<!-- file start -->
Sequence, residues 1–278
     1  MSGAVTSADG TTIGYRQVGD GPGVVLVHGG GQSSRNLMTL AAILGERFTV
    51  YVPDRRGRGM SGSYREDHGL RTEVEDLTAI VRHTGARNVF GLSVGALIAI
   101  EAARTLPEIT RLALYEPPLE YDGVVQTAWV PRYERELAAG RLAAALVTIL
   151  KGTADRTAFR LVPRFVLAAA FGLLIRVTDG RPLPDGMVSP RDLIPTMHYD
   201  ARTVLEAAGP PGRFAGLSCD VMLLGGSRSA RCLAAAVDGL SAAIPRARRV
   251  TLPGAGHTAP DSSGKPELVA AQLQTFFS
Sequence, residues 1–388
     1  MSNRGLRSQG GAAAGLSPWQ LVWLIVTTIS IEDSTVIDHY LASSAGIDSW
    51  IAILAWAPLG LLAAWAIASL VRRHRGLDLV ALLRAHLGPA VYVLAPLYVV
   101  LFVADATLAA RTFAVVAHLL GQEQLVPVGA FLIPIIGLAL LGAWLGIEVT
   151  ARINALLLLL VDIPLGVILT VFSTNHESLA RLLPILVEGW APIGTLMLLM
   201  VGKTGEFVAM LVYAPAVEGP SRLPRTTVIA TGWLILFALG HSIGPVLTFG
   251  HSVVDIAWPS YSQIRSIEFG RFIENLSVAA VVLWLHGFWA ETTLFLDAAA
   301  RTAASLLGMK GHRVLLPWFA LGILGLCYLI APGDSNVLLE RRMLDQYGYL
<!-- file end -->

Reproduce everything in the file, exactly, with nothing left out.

Sequence, residues 1–278
     1  MSGAVTSADG TTIGYRQVGD GPGVVLVHGG GQSSRNLMTL AAILGERFTV
    51  YVPDRRGRGM SGSYREDHGL RTEVEDLTAI VRHTGARNVF GLSVGALIAI
   101  EAARTLPEIT RLALYEPPLE YDGVVQTAWV PRYERELAAG RLAAALVTIL
   151  KGTADRTAFR LVPRFVLAAA FGLLIRVTDG RPLPDGMVSP RDLIPTMHYD
   201  ARTVLEAAGP PGRFAGLSCD VMLLGGSRSA RCLAAAVDGL SAAIPRARRV
   251  TLPGAGHTAP DSSGKPELVA AQLQTFFS
Sequence, residues 1–388
     1  MSNRGLRSQG GAAAGLSPWQ LVWLIVTTIS IEDSTVIDHY LASSAGIDSW
    51  IAILAWAPLG LLAAWAIASL VRRHRGLDLV ALLRAHLGPA VYVLAPLYVV
   101  LFVADATLAA RTFAVVAHLL GQEQLVPVGA FLIPIIGLAL LGAWLGIEVT
   151  ARINALLLLL VDIPLGVILT VFSTNHESLA RLLPILVEGW APIGTLMLLM
   201  VGKTGEFVAM LVYAPAVEGP SRLPRTTVIA TGWLILFALG HSIGPVLTFG
   251  HSVVDIAWPS YSQIRSIEFG RFIENLSVAA VVLWLHGFWA ETTLFLDAAA
   301  RTAASLLGMK GHRVLLPWFA LGILGLCYLI APGDSNVLLE RRMLDQYGYL